3. The court erred in its instructions. 39 U.S. S.Ct. 407. Those asked by defendant and refused were contradictory and properly refused. 101 Ark. 117-120; 141 S.W. 763; 208 S.W 765-6.

Evans & Evans, for appellee; J. D. Benson, of counsel.

1. It appears from the record, as well as from the testimony, that there was no motion for a new trial in the case, and there is nothing for the court to consider. 83 Ark. 356.

The power of a court of record to correct its own record to make it speak the truth is settled, and that was done here. 78 Ark. 228. Parol evidence was admissible. 78 Ark. 364; 78 Id. 227-8; 75 Ark. 12; 40 Id. 324; 103 Ark. 4; 82 Id. 188; 86 Id. 90.

The uncontradicted testimony shows that the judgment correcting the record is correct. The judgment of the circuit court amending the record should be affirmed. When this is done, there is nothing for this court to consider on appeal.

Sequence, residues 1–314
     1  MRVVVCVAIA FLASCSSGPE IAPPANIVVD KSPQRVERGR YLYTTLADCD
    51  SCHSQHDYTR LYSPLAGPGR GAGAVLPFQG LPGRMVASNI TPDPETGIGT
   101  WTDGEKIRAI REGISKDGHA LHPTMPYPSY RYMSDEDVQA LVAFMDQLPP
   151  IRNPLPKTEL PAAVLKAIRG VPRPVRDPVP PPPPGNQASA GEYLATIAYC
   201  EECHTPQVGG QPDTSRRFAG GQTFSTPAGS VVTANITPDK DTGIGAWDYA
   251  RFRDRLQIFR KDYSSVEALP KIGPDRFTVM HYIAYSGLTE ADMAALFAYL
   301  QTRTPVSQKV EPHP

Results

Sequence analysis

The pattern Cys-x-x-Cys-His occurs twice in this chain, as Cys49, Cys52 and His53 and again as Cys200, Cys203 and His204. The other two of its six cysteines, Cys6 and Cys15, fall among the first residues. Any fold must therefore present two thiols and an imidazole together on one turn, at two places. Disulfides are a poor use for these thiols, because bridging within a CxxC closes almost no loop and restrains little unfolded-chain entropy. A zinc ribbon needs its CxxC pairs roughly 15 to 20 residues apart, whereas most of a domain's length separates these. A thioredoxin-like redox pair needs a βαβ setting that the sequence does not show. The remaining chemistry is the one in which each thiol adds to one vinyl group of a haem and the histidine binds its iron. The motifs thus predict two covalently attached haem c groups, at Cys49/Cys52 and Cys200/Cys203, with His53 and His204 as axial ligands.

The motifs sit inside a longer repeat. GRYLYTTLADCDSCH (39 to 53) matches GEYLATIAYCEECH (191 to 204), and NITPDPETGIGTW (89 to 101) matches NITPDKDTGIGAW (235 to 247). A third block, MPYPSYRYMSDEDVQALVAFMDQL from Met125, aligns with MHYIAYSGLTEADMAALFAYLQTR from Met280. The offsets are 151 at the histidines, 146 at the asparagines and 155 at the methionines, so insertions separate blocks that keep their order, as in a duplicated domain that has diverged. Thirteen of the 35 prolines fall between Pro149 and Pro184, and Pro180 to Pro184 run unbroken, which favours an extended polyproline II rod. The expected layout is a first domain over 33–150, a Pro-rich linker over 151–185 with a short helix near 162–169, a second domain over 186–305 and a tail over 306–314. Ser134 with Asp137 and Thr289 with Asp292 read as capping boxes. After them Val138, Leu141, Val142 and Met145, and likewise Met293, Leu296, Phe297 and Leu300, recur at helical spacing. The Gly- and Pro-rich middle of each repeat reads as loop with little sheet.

2. Counsel for appellant practically concedes that there is no motion for a new trial in the main case and there was no error in sustaining appellee's motion to make more definite and certain the complaint. The action of the court with reference to the motion to require appellant to make his complaint more definite and certain does not appear upon the face of the record and there was no motion for new trial and the error complained of cannot be considered. 93 Ark. 84; 61 Id. 33; 39 Id. 258; 34 Id. 684; 95 Id. 85, 382; 127 Id. 26. See also 132 Id. 9; Simpkins, Federal Suit at Law, p. 104; 92 C. C. A. 253, 527; 167 F. 75; 168 Id. 842.

3. There was no demurrer to the complaint nor the amended complaint, but the court sustained appellee's motion to make more definite and certain.